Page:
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Azita Alipour, PharmD, BCPP, BCGP, CTTS
Assistant Professor – Psychiatric Pharmacy
Marshall B. Ketchum University, College of Pharmacy

Morgan L. Karrels and Amanda L. Colistro
PharmD Candidates, Class of 2020 
Midwestern University, College of Pharmacy-Glendale
Faculty: Dr. Alyssa M. Peckham, PharmD, BCPP

According to the National Alliance on Mental Illness (NAMI), one in five Americans are living with mental illness or a substance use disorder and less than half of those who need help, get help. The reasons can be multifactorial, which may include stigma associated with mental illness. As pharmacists working on the front-lines of patient care, we are trained in pharmacy school on triage for “self-care” for a wide variety of ailments. Although we treat the physical, there seems to be a lack of training around the triage of psychiatric and substance abuse conditions as well as resources available for help.

Mental Health First Aid (MHFA) can help bridge this gap with training on how to recognize symptoms of mental health problems and how to offer and provide initial help and guidance toward supportive help for a person who may be experiencing a mental health-related crisis or problem. Through this 8 hour training program and its active learning exercises, the student develops these skills and experience a decrease in stigma associated with mental illness.

MHFA provides the tools needed to identify someone who may be experiencing a serious mental health issue and how to properly provide them the help they need. The course focuses on several topics such as major depressive disorder, suicidal ideation, various anxiety disorders, psychosis, substance use disorders, eating disorders, and more. MHFA training, while beneficial for everyone, is particularly useful for health care professionals who may regularly encounter patients with mental health diagnoses but may lack specialized mental health training. Of note, the course is not meant to train learners to diagnose or provide treatment, but rather focuses on providing support, offering resources, and recognizing when the level of care must be elevated.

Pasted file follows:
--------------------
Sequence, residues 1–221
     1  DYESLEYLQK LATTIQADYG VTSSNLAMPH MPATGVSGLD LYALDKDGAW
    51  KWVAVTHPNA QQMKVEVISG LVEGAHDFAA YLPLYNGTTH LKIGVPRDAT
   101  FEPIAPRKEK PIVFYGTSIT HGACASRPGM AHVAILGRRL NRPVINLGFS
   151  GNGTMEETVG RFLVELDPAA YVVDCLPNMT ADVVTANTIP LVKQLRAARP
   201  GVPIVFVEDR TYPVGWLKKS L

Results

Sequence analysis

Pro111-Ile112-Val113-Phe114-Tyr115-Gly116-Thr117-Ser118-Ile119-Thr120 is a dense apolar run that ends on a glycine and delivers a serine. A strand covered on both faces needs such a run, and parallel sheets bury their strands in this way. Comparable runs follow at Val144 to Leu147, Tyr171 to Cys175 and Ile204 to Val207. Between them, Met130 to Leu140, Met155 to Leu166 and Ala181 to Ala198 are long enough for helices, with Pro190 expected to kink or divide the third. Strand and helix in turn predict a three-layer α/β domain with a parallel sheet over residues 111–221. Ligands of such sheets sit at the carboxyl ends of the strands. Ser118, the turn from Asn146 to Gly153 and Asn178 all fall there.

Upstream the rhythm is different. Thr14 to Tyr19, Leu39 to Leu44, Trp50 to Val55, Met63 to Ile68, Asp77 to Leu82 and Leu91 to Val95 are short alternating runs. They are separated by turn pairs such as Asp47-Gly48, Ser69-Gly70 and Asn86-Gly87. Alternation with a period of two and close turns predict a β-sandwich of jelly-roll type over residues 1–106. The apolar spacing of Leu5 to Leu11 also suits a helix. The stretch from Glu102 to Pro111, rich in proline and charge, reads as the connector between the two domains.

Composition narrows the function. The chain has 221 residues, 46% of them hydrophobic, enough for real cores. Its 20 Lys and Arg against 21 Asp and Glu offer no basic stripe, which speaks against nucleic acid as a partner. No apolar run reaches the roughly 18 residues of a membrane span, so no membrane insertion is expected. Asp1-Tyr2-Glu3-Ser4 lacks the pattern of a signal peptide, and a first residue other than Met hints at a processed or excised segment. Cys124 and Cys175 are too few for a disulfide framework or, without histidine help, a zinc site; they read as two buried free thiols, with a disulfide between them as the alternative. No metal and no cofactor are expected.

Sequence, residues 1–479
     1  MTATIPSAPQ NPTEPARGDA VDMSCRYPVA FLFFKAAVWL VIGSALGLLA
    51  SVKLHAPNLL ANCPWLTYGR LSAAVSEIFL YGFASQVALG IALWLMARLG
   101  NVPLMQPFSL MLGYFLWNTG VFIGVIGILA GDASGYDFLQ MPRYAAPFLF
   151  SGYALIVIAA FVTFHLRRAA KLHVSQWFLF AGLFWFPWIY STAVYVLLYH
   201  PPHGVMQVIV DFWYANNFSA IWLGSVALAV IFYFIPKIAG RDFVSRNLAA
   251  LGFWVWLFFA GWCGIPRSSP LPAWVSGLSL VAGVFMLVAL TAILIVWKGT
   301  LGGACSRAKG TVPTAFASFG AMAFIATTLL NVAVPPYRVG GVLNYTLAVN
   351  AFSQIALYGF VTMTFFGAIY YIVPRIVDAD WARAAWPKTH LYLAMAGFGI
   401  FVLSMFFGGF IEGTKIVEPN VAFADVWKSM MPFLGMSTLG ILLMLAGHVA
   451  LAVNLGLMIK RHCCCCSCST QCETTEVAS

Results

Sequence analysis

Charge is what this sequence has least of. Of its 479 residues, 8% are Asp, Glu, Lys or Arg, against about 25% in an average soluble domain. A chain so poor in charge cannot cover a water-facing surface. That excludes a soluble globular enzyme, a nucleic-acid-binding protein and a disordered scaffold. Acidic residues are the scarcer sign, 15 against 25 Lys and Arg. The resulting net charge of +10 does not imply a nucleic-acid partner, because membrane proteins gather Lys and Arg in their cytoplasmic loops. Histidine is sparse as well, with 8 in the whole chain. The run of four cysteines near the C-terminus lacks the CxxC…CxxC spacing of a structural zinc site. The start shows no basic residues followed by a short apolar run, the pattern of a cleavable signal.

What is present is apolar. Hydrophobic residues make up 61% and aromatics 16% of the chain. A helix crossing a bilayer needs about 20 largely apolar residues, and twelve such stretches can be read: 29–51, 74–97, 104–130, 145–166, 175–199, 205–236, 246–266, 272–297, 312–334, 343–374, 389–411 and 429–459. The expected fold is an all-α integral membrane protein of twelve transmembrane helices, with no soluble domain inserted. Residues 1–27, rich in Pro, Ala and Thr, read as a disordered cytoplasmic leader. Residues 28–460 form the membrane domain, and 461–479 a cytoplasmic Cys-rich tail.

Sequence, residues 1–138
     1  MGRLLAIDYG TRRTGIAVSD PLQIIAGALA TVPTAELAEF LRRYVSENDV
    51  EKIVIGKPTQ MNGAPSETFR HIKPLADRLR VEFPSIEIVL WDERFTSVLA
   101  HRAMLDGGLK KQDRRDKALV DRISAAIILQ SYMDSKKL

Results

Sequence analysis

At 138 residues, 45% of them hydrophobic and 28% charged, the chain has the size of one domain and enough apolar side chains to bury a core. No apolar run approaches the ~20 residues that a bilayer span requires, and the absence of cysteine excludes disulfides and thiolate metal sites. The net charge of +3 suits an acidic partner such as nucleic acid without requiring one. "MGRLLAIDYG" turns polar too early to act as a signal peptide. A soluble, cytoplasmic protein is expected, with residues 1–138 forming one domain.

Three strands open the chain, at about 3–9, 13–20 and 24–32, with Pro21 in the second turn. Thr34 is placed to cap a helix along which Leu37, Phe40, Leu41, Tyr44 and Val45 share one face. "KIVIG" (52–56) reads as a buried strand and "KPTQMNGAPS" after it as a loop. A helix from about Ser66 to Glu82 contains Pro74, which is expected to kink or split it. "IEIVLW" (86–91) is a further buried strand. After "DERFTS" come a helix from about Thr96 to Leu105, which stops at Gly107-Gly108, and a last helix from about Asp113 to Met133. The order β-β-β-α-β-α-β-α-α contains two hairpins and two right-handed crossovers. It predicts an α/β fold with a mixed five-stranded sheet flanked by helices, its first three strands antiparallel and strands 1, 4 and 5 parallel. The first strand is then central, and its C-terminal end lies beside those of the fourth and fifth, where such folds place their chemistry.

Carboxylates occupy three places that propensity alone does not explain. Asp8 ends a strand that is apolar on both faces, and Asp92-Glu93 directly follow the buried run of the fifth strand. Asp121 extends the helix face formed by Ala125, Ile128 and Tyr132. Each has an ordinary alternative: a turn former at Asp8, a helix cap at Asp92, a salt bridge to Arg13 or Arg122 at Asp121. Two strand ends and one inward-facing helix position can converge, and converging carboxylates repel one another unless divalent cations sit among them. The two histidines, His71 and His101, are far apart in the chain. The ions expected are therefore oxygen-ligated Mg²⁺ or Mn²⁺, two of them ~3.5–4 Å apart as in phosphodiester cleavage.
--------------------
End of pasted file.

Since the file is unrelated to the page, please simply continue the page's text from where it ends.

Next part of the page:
The CPNP Foundation made MHFA training available at the 2018 CPNP Annual Meeting in Indianapolis. Two students, Morgan Karrels and Amanda Colistro from Midwestern University, shared a few of their experiences.

"Mental Health First Aid provided us with a greater sense of confidence to help and treat patients living with a mental illness. We learned about guidelines for communicating with someone in a crisis and applied this knowledge by working through different cases. Attending this training further solidified our desire to become pharmacists specializing in mental health and made us aware of the unique needs of our patients. Additionally, it inspired us to work with our campus administrators to bring MHFA training to our University in hopes that all of our pharmacy students and other healthcare professionals have the opportunity to become certified."

Seeing the utility for pharmacist trainees and the great response from those like Morgan and Amanda who have been previously certified, I started implementing MHFA at the Marshall B. Ketchum University College of Pharmacy this past summer. With the intent to offer MHFA every year at the college, I became trained as an instructor. 

The next step was deciding where in the curriculum to include MHFA. Class size and pharmacy curriculum structure were major factors of consideration. MHFA limits the maximum class size at 30 students, with prior approval needed if an instructor will exceed the limit. The course must also be in the following formats: one 8-hour day or two 4 hour days or four 2 hour days, not more than two weeks apart. Given the limitations in the size of the class and the hours needed for the course, MHFA is offered as a one-unit elective at my college of pharmacy (COP) in the summer for students entering their third year of pharmacy school. The elective has a cap at 30 students, and we charge the students a minimal fee to cover the cost of the required MHFA manual for each student.

About a quarter of the third year class took the course which was very well received. The timing of the elective worked out well as it was offered right before they started their psychiatry therapeutics block and was a good introduction to psychiatry. I highly recommend that MHFA is made available in all colleges of pharmacy.


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